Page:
I stopped by PSA last month to pick up odds and ends, cleaning /lubing ect, I was temp out of TW25B, waiting on a order to come in that was on back order for the size, so I grabbed some Froglube to get thru, 2 bottles, well I only actually grabbed one bottle of lube, the other was their cleaner degreaser, Pro grade. that stuff cleans exceptionally well. I will still use Hoppe’s #9 if for nothing else, incense( love tha smell of hoppe’s) but im definitely using/buying the FL cleaner degreaser again. one of them happy lil accidents…
I’ll have to say I’m pretty anal about keeping my firearms clean. It was drilled into me as a kid by my dad and the company commander in the service. I’m a tinkerer so I really kind of enjoy and take great pride in my firearms. Good cleanings also allow me to keep an eye on any components that may be wearing.
Thanks! Now you tell me!
That was one of several problems. FTF, stove piping, I was ready to part with it.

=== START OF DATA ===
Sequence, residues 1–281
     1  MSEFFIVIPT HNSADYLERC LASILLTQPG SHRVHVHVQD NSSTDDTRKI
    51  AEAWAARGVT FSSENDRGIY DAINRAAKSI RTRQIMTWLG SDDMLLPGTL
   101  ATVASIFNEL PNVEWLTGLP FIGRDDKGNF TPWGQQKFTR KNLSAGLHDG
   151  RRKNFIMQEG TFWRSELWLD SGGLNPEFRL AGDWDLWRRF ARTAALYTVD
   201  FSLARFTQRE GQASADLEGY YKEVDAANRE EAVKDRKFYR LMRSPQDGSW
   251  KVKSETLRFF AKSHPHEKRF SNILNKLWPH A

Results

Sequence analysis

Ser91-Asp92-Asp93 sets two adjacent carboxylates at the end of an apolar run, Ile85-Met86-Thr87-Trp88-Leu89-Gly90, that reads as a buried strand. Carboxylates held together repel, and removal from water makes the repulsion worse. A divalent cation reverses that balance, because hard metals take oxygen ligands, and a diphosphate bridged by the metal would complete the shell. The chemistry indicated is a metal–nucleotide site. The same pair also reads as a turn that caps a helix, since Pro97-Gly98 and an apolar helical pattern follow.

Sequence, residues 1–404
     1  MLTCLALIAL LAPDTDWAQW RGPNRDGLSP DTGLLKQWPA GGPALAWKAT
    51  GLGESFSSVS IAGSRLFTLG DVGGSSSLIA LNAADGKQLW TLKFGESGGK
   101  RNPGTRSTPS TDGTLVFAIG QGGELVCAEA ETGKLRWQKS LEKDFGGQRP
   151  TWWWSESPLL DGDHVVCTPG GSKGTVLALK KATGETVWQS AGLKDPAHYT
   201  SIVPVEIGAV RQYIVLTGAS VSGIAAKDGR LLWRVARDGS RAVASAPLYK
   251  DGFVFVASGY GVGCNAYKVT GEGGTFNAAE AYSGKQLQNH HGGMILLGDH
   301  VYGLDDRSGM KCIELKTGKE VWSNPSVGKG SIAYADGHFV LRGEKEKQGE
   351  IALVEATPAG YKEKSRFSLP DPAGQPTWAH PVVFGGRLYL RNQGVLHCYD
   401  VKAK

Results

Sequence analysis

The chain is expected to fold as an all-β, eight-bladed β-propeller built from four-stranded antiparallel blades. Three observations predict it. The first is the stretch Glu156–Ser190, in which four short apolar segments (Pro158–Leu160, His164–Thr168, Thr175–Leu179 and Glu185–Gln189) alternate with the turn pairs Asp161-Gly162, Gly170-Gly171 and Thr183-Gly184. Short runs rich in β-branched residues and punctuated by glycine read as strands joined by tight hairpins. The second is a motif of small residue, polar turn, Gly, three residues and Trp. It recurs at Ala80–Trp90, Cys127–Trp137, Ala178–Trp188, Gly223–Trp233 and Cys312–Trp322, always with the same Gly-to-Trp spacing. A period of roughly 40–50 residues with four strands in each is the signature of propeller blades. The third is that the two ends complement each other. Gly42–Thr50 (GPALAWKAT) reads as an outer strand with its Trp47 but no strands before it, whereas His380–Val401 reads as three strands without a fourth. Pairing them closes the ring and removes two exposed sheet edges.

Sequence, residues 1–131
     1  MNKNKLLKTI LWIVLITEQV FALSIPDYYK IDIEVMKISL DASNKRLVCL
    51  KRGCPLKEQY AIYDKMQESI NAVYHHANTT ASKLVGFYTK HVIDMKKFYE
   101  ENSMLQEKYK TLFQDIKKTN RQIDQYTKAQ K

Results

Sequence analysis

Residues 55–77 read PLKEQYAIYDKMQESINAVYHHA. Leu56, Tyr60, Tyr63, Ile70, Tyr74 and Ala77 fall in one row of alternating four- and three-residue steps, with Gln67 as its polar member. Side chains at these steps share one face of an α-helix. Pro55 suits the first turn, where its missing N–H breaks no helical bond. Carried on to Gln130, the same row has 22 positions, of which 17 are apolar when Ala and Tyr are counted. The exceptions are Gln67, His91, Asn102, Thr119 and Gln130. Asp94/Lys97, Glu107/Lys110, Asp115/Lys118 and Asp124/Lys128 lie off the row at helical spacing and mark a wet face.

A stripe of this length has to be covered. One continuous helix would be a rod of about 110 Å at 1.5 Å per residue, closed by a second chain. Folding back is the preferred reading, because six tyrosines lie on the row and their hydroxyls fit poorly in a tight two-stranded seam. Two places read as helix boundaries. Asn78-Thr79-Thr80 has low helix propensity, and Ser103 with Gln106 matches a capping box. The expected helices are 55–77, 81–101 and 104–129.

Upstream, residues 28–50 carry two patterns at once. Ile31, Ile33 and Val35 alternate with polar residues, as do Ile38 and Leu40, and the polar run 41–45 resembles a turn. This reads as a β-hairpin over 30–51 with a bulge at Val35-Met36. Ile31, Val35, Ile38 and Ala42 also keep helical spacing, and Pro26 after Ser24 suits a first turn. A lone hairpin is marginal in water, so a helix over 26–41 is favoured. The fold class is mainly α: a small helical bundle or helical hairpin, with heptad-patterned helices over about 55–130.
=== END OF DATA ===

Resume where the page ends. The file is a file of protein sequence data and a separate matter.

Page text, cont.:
Ritual, more like an excuse to inspect my guns LOLOL.
I do tend to look them over every time i have them apart to clean!
@cico7 Hornady One Shot Case Lube’ WasTurned on to this by the Builder and Designer of the Rock Island 22 T.C.M. of my Gun, Because the Ammo from Overseas Plant were not Lubing Cases in Final Assembly, And alot of people were having issues with FTF, and Stove Piping Etc.
I had 1000 rounds of the stuff made in the Philippines, All my problems went away. I’ve used for years on the P.M.R 30 I’ve bought 4 of them for family etc and I don’t have Nor do they have any problems or Bit8888 with the firearm.
No Issues with my Sub 2000 Either. Just a thought for you.
Cleaning is a ritual, even if I don’t make it to the range I clean my rifles the last weekend of the month. I also run a snap cap cycle check to make sure I don’t end up embarrassed at the range or worse if I need them.
@Midstab, If I cleaned all of my firearms at the end of every month by the time I finished with the last one, it’d be time to start again.
Exactly!!! It’s both but must be done.